The Americans with Disabilities Act is a civil rights law. Most often associated with street and building access, it also governs goods, services, and information made available to the public, including websites. The ADA applies to everyone who places information out for public consumption, including private industry, or nonprofits – any organization that is putting information on the web. Some examples that may seem less obvious is that churches and spiritual organization website are included, as are neighborhood association or hobby club websites.
Once argued by some to apply only to businesses with a “brick and mortar” presence, a string of legal rulings reinforces the fact that even businesses with only an online presence must also comply with the ADA.
Escalating lawsuits have put pressure on the need for clarification of the digital aspects of the ADA, prompting the drafting of web rules, which were prepared for release in 2017. Then, a high degree of uncertainty was introduced when the web rules were unceremoniously withdrawn that same year by a White House administration and the Department of Justice (DOJ).
But where does the ADA stand now? And what can we expect to happen with the web rules in the future?
When the ADA web rules were withdrawn in 2017, the impact was dramatic. ADA lawsuits skyrocketed 181% in 2018 over 2017. The pressure this put on the US legal system, and the business community, was enormous.
In May of 2018, the sharp rise in ADA website cases prompted Congress to issue a bipartisan request that the DOJ release the website accessibility guidance, or some form of website accessibility legal clarification, to alleviate the pressure on the US legal system. The request was declined.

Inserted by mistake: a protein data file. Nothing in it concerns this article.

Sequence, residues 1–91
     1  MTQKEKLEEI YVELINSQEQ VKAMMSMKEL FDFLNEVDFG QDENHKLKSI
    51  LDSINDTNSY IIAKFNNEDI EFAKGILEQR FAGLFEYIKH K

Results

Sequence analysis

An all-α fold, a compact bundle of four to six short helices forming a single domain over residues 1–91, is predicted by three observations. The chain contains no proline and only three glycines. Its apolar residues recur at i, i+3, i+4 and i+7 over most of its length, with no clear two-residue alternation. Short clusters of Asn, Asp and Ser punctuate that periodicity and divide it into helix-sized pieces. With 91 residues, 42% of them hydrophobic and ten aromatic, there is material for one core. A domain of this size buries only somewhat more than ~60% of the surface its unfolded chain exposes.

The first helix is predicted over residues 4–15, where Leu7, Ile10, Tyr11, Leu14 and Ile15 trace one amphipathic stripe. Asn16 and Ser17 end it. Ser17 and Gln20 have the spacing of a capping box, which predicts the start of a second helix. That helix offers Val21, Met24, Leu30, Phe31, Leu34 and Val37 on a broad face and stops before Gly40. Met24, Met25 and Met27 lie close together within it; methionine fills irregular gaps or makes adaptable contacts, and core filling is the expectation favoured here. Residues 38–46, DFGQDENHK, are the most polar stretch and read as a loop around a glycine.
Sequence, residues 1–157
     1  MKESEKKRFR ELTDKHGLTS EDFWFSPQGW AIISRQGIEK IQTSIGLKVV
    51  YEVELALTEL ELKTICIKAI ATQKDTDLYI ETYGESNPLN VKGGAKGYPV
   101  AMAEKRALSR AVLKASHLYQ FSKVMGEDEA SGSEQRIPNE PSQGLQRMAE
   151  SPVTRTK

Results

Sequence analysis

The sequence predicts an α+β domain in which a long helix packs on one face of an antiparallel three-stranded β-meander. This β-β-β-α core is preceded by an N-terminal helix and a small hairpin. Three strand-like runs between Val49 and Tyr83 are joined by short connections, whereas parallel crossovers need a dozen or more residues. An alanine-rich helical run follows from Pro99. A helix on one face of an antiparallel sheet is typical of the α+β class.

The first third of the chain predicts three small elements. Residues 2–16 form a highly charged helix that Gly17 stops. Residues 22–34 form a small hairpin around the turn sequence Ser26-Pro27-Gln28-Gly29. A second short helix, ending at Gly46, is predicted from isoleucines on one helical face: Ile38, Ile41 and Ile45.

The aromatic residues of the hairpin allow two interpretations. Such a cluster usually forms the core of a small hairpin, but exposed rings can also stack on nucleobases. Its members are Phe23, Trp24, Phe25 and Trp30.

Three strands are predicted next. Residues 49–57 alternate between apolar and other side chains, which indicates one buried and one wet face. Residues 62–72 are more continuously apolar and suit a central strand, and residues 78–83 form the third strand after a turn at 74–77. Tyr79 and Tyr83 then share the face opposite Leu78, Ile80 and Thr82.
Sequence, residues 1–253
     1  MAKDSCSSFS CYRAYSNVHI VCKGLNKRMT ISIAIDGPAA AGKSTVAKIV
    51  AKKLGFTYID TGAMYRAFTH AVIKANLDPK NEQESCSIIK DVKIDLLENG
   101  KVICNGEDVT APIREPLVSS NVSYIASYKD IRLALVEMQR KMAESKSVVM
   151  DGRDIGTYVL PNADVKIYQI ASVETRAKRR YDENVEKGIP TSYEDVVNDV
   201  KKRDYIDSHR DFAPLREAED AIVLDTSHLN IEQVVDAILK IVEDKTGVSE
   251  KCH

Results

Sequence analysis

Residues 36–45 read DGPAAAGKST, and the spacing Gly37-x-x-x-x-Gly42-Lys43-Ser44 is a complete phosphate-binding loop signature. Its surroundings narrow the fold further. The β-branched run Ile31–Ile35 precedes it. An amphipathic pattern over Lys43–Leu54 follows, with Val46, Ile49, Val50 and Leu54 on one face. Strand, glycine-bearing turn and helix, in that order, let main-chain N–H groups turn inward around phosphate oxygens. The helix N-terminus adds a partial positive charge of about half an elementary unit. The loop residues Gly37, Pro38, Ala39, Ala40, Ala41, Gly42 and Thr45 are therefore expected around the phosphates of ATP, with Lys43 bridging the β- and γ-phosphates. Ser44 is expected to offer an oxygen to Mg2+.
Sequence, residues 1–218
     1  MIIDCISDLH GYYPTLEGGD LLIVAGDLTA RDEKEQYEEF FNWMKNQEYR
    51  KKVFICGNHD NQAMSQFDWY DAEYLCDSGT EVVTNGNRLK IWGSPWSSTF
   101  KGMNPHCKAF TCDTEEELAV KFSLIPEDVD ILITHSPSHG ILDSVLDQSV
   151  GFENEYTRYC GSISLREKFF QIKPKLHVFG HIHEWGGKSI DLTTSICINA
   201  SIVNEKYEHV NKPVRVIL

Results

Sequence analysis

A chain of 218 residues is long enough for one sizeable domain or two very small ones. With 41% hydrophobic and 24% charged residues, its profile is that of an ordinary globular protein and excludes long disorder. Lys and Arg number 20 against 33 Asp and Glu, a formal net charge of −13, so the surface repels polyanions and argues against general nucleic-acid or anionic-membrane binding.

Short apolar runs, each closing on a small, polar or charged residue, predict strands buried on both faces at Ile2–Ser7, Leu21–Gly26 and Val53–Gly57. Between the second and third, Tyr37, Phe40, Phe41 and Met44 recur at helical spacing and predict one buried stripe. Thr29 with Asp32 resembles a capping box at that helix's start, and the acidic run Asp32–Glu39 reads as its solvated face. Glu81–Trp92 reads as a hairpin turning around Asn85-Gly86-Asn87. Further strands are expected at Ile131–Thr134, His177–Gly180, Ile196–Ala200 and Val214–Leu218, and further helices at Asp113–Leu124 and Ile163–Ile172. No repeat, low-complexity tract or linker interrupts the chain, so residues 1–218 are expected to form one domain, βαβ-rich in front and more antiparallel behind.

Despite the tug-of-war of proposed and withdrawn changes to the ADA, it is still a law that impacts website accessibility. Part of this is a culture shift: a growing number of people and organizations in the US now see accessibility as a civil right, and enforcement regarding website accessibility is still happening. Despite the lack of clarity surrounding what website accessibility under the ADA means, courts continue to uphold the ADA due to legal precedence, simple practicality and through the enforcement of other laws, and through government departments, tied to civil rights.
One example is the application of the US Department of Civil Rights complaint system by parents with children living with disabilities, to public school website inaccessibility. Parents who were frustrated by inaccessible public-school websites and could no longer look to receiving support from the withdrawn ADA web rules, began filing complaints about the issues they, or their children, were having, accessing the same information as parents, and children, who did not live with disabilities.
The Federal Department of Civil Rights has a legal obligation to review each complaint they receive, so each was investigated. As the number of complaints grew, the OCR adopted the same tools that ADA lawsuit rulings were applying to determining website accessibility and inaccessibility: manual accessibility audits. WeCo was asked to assist with many of those manual audits, and to help public school systems meet the requirements of digital accessibility under the auspices of the OCR.
Throughout this roller coaster ride, the rights of real people living with disabilities, now in upwards of 26% of Americans, have hung in the balance. And a growing number of individuals, businesses and government bodies express their support that access to digital information is a right, by adhering to the ADA—however unclear it may be without website guidance.
The Web Content Accessibility Guidelines (WCAG) version 2.0 AA was adopted by the US Access Board, and applied to the refresh of The Rehabilitation Act of 1973/Section 508, a federal accessibility law, in early 2017. Our sources tell us that the US Access Board will not adopt versions 2.1 or 2.2 of the WCAG until it’s ready to update the application of WCAG in Section 508. It is projected that the ADA will eventually introduce web rules again which will also include WCAG 2.0 AA or a later version. This may occur with, or on the tails of, the adoption of the newer WCAG versions by the US Access Board, and their application to Section 508.
Regardless of the timeline, we know this: the ADA as a requirement for website accessibility, is here to stay. And a clearer explanation of what that means is on the way with the long-awaited web rules.
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